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The Internet

Root Zone Changed 298

An anonymous reader writes "The day before yesterday the root zone was silently changed for the first time in 5 years. The change was to J.ROOT-SERVERS.NET that is now managed by Verisign. The usual sites don't breathe a word about this change however as one would expect for such a change to be properly announced. An interesing sidenote is this thread on the IETF discussion list." the_proton writes "The server j.root-servers.net has changed IP address to 192.58.128.30. The new root zone hints can be grabbed from ftp://rs.internic.net/domain/named.root or ftp://ftp.internic.net/domain/named.root. The new zone serial number is 2002110501."
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Root Zone Changed

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  • Why should we care? (Score:4, Interesting)

    by Disoriented ( 202908 ) on Thursday November 07, 2002 @04:02PM (#4619041)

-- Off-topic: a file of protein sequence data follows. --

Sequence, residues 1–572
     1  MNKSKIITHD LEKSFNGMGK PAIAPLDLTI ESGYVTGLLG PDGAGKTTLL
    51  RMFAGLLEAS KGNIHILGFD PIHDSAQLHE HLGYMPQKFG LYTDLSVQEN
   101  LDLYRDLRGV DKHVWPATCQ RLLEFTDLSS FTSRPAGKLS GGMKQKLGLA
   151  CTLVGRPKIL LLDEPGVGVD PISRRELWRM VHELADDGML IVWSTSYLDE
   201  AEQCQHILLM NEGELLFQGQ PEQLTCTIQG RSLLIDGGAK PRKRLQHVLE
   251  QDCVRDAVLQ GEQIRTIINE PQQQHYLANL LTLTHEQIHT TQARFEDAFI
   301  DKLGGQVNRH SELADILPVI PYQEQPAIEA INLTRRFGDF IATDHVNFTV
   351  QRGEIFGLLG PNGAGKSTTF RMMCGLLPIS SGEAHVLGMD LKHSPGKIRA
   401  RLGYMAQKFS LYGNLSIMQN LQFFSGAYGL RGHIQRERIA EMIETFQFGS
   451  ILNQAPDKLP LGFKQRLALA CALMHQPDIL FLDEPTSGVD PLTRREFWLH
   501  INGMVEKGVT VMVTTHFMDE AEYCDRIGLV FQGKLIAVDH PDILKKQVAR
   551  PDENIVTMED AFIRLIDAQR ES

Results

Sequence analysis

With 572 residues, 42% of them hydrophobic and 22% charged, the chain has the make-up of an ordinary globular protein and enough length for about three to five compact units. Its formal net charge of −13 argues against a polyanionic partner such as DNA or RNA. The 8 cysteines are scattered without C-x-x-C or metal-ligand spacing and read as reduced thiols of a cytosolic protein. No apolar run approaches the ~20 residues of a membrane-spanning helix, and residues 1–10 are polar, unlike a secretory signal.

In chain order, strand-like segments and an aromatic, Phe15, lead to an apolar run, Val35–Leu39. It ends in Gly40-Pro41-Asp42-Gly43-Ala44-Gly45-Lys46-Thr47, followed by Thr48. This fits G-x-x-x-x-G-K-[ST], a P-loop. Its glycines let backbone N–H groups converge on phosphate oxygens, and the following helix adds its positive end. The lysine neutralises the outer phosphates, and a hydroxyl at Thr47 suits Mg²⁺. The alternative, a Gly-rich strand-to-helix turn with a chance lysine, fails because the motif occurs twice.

Maybe someone could explain to us newbies how this affects the operation of the Internet.
    • Without getting extremely technical with it, this mostly affects your ISP. If your ISP does not update their root zone files, when you attempt to resolve a website, your ISP has one less server for it to resolve the root server for and CC top level domains, as well as .com, .org, .net, etc.
    • by nelsonal ( 549144 ) on Thursday November 07, 2002 @04:07PM (#4619093) Journal
      The root servers are the master list of domain names for the Internet. The computers still use IP addresses to talk, but us Humans prefer remembering slashdot.org to 66.35.250.150. In meatspace terms, I think this is along the lines of a construction company changing the composition of their concrete for use on the Highway system, you might not notice the change as a user, but it could be a bad decision.
      All I want to know is if Sun is back to being the . in .com? :)
      • You forgot to mention domain name servers and the ip's to find out what their IP's are. All the root servers know about slashdot are what its ip's are and what the ip's of the dns servers are along with the fact that the name is slashdot.org.